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As the City of Roanoke continues what has become a laborious process of finalizing rules for its recreation center, the City Council heard from city attorney Clay Tinney Monday regarding one specific item being debated for those rules.
The topic in question was whether the city could ban guns at the recreation center as part of its rules. The short answer from Tinney: no, they can’t. The State of Alabama recently passed legislation making it legal for concealed carry of pistols without a permit. That legislation does have a handful of exceptions, but none of those appear to apply to the city’s rules about the recreation center.
According to Tinney, only schools can prohibit concealed carry of guns, and that exception applies to school-sponsored athletic events. But almost all athletic events that take place at the recreation center fall under the authority of the city, not the schools, so that exception does not apply to the recreation center.
Tinney said the only way the law would allow the city to restrict weapons in the recreation center building is if there is a manned security checkpoint at the door that can search people as they come in, similar to what takes place at the Randolph County courthouse in Wedowee. That would require the city to hire an off-duty police officer or some other qualified personnel to be on duty whenever the recreation center opens its doors.
According to Mayor Jill Patterson-Hicks security may be called upon during high-traffic times at the recreation center such as league game nights, but the city does not expect to institute a full-time security checkpoint whenever the building’s doors are open to the public.
The inability to prohibit guns would also appear to apply to non-school sanctioned events at school-related facilities like Wright Field or the city’s softball fields, although Tinney said the particulars of some of those scenarios create a “gray area” in the law. Wright Field is home to youth league football games in the fall, but that property’s ownership is shared between the City of Roanoke and the Roanoke City Schools system. And youth league football games are not school-sponsored events.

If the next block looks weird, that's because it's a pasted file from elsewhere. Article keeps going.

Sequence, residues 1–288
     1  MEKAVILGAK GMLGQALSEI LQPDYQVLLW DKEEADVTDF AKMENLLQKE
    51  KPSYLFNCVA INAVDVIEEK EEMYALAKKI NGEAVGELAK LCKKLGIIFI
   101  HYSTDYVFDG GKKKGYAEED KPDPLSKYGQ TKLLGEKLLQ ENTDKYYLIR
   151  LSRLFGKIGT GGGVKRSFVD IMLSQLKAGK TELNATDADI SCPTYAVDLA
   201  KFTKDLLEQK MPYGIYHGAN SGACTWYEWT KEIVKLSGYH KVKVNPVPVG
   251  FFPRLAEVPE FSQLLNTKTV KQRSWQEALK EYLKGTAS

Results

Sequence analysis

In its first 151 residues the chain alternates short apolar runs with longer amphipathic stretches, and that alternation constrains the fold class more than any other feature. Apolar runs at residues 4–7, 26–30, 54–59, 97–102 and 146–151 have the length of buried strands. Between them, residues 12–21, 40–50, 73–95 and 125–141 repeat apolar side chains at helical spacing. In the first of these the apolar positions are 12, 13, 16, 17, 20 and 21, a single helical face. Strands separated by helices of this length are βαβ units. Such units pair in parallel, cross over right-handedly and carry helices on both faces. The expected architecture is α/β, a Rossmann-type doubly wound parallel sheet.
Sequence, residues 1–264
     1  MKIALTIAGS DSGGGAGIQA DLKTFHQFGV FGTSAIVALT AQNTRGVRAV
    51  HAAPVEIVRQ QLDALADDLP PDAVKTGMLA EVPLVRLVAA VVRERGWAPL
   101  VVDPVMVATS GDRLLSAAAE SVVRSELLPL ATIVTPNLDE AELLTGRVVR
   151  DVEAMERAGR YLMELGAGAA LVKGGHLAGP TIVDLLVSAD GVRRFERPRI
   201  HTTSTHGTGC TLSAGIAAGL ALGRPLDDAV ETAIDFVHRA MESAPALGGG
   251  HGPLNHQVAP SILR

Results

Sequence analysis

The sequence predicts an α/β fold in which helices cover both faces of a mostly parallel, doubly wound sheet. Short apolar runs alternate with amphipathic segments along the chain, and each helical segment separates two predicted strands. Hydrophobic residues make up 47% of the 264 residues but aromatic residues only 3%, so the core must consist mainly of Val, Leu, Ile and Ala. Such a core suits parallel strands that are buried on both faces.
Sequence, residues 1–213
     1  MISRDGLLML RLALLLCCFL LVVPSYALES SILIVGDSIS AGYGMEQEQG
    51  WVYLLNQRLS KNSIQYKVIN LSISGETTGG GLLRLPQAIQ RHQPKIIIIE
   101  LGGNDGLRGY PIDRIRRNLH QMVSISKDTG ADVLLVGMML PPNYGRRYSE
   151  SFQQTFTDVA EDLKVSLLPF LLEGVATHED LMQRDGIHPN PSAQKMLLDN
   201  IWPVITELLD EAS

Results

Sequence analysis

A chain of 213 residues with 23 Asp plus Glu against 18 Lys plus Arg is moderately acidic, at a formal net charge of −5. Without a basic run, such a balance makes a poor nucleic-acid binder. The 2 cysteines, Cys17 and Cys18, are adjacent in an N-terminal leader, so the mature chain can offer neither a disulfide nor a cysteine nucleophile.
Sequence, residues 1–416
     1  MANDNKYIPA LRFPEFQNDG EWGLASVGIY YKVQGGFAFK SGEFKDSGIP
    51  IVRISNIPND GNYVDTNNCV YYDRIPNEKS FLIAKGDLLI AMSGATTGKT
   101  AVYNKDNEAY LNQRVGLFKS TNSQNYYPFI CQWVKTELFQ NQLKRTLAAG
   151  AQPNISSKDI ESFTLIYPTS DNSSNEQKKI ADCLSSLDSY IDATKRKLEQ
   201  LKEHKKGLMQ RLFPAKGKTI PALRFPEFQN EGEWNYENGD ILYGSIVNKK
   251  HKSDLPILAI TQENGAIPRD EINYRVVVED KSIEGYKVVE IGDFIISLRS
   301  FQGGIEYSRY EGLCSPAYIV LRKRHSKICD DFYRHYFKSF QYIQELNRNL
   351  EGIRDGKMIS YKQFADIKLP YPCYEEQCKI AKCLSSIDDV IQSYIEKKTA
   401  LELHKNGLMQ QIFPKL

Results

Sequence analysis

Dump truck buy back program
The City Council at Monday’s meeting voted to enter the city into an agreement with Truckworx buy-back program, which the city plans to use for the purchase of a dump truck and/or a new boom truck.
The program takes advantage of the city’s exemption from federal excise tax to create equity in the purchase of the needed trucks and sell them back at a profit.
Under the program, the city would buy the truck, but would not have to make payments for the first 12 months of its ownership of the truck. The program then allows the city to sell the truck for more than what it originally “paid,” creating a profit of $20,000 or more on the transaction.
The way this is possible – and legal – is that the city (along with all governmental entities) is exempt from the standard 12 percent excise tax on such purchases. That means that, for example, on a piece of equipment that would cost $260,000 on the open market, the city would only pay roughly $230,000. The Truckworx program facilitates that purchase and then arranges to sell the equipment on the open market after the 12-month no-payment period. Truckworx takes its fee from the positive sales margin and the city keeps the rest. In many cases the difference is more than enough to cover the expenses that the city puts out to operate the equipment in the 12 months that it has it.
According to councilmember Tim Jacobs, Randolph County has taken advantage of this program as well.